Cholesterol Drugs Increase Risk of Diabetes

Cholesterol drugs, taken in high doses, may increase the risk of diabetes.

The drugs, called statins, provide a serious benefit for those with heart disease--by lowering cholesterol, they reduce the risk of heart attack and stroke. 

This presents a conflict for individuals prescribed the drugs: which is worse, taking the drugs or staying off them?

Researchers say the risk is worth it: for every person who developed diabetes in the study, three people were protected against a cardiovascular event like a heart attack or stroke, according to study researcher David Preiss, of the University of Glasgow in Scotland. 

"In patients at high cardiovascular risk, there is little doubt that the benefits will strongly outweigh any risks, and we are keen to reinforce the message that patients keep taking their medication," Preiss told LiveScience.com.

The study indicated that patients taking a high dose of statins were 12 percent more likely to develop diabetes that those who took a moderate dose, but those taking the same dose of statins were 17 percent less likely to suffer a heart attack or any other cardiovascular event than those who took a moderate dose.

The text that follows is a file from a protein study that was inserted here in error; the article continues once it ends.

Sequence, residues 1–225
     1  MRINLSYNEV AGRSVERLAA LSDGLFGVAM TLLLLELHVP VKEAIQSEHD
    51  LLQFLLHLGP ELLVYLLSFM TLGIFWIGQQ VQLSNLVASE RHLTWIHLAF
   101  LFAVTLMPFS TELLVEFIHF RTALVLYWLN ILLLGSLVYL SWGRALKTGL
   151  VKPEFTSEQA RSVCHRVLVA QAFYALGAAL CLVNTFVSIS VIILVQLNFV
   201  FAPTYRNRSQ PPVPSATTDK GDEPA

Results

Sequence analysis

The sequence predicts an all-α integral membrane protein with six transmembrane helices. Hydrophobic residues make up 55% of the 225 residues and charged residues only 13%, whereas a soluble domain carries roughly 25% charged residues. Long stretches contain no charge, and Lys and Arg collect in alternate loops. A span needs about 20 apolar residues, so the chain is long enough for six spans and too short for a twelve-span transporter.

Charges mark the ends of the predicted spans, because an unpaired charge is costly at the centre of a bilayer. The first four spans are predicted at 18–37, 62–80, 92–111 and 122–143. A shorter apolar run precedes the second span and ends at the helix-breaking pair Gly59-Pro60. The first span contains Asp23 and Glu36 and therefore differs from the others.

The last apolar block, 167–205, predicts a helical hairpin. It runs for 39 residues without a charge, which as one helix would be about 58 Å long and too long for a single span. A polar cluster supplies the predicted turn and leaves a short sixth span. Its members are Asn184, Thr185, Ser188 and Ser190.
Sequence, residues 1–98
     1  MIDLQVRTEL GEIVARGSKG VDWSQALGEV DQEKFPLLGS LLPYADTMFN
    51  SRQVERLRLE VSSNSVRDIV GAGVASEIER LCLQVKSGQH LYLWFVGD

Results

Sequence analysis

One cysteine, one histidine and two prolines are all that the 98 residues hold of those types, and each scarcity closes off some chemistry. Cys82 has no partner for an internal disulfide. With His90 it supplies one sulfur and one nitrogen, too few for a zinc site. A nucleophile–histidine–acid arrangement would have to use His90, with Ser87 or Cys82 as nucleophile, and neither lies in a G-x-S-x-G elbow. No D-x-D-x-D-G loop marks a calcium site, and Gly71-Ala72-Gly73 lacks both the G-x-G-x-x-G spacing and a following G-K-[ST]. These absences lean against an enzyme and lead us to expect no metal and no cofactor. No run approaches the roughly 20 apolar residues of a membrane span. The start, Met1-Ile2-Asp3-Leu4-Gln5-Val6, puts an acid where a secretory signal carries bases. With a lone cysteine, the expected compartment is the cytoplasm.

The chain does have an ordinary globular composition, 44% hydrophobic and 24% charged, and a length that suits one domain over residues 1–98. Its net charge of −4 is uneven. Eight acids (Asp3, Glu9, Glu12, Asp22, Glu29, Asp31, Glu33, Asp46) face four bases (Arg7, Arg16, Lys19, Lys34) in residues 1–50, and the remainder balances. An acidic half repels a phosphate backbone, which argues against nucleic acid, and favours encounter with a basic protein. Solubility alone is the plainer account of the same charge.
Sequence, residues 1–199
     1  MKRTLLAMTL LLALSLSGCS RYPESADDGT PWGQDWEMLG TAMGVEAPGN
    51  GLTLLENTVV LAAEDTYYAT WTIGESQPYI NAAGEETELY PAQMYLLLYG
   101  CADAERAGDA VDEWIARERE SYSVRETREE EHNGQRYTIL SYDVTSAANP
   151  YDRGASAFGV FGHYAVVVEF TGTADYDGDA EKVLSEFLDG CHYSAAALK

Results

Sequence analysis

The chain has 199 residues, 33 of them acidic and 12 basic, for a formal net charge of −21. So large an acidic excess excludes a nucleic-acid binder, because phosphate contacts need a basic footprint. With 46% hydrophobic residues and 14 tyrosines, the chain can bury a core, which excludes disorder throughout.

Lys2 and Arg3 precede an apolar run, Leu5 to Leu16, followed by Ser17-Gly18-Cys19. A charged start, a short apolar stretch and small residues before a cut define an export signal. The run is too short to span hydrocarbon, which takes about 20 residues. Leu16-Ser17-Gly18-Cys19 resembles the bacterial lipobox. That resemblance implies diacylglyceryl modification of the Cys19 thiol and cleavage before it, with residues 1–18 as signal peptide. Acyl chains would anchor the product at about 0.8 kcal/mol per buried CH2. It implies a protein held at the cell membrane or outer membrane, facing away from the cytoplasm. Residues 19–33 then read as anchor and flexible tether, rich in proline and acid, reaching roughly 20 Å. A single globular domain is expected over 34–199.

Preiss speculated that intensive statin therapy may interfere with the action of insulin, a hormone that lowers blood glucose. Or, it could be that patients experiencing muscle pain as a side effect of statins (which is a documented symptom) are less active, leading them to develop diabetes.

"It's important that patients understand that while there is this, what seems to be, a rather mild effect in terms of increasing risk [of diabetes], that the complications of heart diseases are a more serious threat," Dr. Ronald Goldberg, a professor of medicine at the University of Miami School of Medicine's Diabetes Research Institute, who was not involved in the study, told LiveScience.com. "If somebody does develop diabetes, we can treat that," he said.

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